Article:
Or maybe not–check out the last paragraph of Thomas Benton’s well-circulated Chronicle of Higher Ed essay, “The Big Lie About the ‘Life of the Mind'”, which insists that the powers-that-be use the myth of merit to ignore the messiness of such structural realities and to perpetuate a system that doesn’t work.  My second point picks up on Benton’s argument on/against meritocracy, that it is basically an ideology that props up “the life of the mind” and enables the haves to enjoy their privilege, only to be bothered enough by the have-nots to patronize them.  There is certainly a righteous appeal to Benton’s provocative narrative, and it is easy to buy into his argument on merit-as-ideology.  But say we ignore the most cynical claims he makes and not read into anyone’s intentions, because faculty types are probably a lot more sympathetic, actually well-meaning, and also stuck in a system where, although they benefit more, are mired in all sorts of institutional inertia.  Even when we set aside what Benton sees as the most nefarious and uncaring elements of the system, the meritocratic system fails to hold up, not because of an ideological duplicity, but because there’s an oversupply of merit in academia.

1. Too much merit: When I was first accepted to grad school and was on my campus recruitment visit, I talked with a professor about the affirmative action fellowship I was being offered.  He made a basic point that is particularly compelling: Whereas the debate on affirmative action always begins with the paranoid idea that some “less qualified” minority is being boosted up and taking up a spot of a “more qualified” (un-minority) candidate, he simply stated that there are more qualified candidates than can be accommodated to begin with (minorities, in this case), so the issue of merit as a means of judgment doesn’t apply so much, because it’s just not so scarce a resource.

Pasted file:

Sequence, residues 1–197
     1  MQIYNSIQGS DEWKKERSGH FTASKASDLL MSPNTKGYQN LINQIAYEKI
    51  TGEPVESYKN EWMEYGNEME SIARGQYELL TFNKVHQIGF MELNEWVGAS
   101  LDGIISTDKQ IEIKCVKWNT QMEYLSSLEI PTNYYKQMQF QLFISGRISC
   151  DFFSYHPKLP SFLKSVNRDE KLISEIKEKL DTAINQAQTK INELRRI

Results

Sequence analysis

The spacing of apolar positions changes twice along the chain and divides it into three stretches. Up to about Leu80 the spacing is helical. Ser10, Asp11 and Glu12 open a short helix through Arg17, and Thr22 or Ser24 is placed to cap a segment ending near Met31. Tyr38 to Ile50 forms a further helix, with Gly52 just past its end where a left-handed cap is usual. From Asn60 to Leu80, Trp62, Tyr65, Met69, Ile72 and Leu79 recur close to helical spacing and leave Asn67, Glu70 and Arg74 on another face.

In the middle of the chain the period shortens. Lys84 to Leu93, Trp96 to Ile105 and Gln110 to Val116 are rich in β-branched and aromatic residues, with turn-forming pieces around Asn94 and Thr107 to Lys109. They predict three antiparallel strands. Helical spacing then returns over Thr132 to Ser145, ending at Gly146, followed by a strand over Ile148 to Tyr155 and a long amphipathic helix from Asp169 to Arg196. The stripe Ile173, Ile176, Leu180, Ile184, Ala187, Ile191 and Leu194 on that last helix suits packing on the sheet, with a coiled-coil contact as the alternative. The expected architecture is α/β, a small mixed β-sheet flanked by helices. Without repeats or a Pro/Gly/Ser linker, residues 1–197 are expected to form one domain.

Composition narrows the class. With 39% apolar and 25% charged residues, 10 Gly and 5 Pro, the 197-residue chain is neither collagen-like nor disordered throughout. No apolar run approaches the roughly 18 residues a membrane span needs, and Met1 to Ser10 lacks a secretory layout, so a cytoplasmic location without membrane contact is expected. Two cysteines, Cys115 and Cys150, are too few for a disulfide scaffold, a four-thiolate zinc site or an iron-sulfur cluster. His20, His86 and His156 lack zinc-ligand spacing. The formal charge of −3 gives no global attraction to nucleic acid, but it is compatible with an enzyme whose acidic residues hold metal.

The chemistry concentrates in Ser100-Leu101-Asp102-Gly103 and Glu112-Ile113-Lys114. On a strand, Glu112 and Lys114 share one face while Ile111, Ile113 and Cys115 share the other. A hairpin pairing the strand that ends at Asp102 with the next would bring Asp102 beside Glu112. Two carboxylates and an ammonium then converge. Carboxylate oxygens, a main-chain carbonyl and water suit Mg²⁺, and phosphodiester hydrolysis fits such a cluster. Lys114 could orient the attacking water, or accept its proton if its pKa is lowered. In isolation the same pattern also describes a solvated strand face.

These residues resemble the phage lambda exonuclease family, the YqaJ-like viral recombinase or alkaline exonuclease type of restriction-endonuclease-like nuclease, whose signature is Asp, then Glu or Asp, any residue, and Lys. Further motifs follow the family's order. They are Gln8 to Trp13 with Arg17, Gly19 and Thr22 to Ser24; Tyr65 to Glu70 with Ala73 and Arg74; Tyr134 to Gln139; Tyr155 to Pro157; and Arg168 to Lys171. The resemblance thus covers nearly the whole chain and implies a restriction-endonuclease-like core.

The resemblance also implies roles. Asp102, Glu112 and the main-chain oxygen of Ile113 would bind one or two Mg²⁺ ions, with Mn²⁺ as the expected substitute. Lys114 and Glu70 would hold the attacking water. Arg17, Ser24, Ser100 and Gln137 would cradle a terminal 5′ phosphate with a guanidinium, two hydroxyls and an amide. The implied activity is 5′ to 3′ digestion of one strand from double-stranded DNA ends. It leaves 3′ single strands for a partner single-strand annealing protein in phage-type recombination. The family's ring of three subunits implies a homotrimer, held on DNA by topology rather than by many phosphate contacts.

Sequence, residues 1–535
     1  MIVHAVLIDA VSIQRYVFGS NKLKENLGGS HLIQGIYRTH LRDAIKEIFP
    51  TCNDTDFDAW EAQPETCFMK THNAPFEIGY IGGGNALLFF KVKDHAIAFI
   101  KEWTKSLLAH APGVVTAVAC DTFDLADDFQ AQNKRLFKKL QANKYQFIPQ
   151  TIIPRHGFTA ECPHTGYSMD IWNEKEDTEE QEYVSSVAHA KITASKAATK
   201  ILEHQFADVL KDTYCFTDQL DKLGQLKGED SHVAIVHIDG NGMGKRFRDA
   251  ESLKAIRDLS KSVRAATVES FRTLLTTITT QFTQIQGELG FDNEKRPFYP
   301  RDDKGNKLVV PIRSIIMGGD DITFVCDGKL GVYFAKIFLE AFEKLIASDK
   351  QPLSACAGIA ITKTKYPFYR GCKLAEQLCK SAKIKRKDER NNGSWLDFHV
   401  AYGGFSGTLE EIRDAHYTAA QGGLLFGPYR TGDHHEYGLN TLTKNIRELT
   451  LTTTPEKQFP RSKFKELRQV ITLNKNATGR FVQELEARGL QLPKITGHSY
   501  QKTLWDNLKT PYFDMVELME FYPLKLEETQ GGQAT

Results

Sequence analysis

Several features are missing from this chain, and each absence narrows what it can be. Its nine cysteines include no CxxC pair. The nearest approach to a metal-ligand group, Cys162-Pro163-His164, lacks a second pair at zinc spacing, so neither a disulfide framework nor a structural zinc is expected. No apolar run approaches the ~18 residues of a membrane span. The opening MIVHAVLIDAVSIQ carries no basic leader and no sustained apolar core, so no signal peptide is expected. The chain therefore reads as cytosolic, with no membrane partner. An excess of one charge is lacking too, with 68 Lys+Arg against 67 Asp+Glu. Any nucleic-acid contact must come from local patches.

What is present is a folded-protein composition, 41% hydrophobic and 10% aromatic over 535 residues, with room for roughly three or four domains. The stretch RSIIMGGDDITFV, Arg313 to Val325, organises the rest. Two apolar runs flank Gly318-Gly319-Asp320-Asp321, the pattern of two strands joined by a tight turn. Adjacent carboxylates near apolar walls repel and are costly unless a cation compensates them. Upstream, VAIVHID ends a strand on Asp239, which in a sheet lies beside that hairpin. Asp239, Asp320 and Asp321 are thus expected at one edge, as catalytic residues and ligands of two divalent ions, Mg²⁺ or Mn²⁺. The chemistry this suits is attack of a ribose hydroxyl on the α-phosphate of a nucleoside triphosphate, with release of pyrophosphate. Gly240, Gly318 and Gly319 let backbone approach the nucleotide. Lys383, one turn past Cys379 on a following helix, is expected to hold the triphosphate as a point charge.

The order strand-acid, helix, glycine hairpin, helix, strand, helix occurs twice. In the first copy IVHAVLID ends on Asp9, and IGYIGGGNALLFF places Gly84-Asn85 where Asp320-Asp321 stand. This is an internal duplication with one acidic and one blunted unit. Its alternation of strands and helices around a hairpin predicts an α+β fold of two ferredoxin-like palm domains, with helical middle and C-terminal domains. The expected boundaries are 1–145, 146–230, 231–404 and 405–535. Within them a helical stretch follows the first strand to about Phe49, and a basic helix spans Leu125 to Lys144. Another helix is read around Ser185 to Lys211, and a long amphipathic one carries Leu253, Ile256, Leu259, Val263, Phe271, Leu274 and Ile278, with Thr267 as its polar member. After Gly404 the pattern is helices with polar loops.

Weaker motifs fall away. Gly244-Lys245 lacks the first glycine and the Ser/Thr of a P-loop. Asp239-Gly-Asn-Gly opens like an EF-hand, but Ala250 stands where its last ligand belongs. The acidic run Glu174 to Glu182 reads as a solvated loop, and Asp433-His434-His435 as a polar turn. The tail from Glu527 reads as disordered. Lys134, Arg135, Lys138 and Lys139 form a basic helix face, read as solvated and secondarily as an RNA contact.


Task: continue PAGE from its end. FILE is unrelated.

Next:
2. Potentially arbitrary decisions: So when there are too many qualified candidates, be it for grad students or faculty positions, what becomes the criteria for decisions?  As someone put it on the Academic Wiki, when you have to pick 3 postdocs out of a pool of 1000+ candidates, “how can the decision be anything but arbitrary?”  I know folks who have multiple publications, a solid conferencing profile, and/or strong teaching evaluations who have been passed over for jobs year after year, probably for some people with a more voluminous CV and for others with fewer concrete achievements.  But who’s to say which candidate is “really” stronger?  And who’s to say the decisions aren’t based on random things and intangible factors, when the pool of qualified and meritorious candidates is so big?  You might think this is loser talk trying to rationalize why one doesn’t end up getting a tenure-track position or a grad program spot, but I doubt any evaluations committee can say with certainty and a straight face that there aren’t a bunch of other people they didn’t hire or accept that are just as deserving as the ones they did.  Talk about merit is moot a long time before any decisions are made.

Thomas Benton, “The Big Lie About the ‘Life of the Mind'” [Chronicle of Higher Education]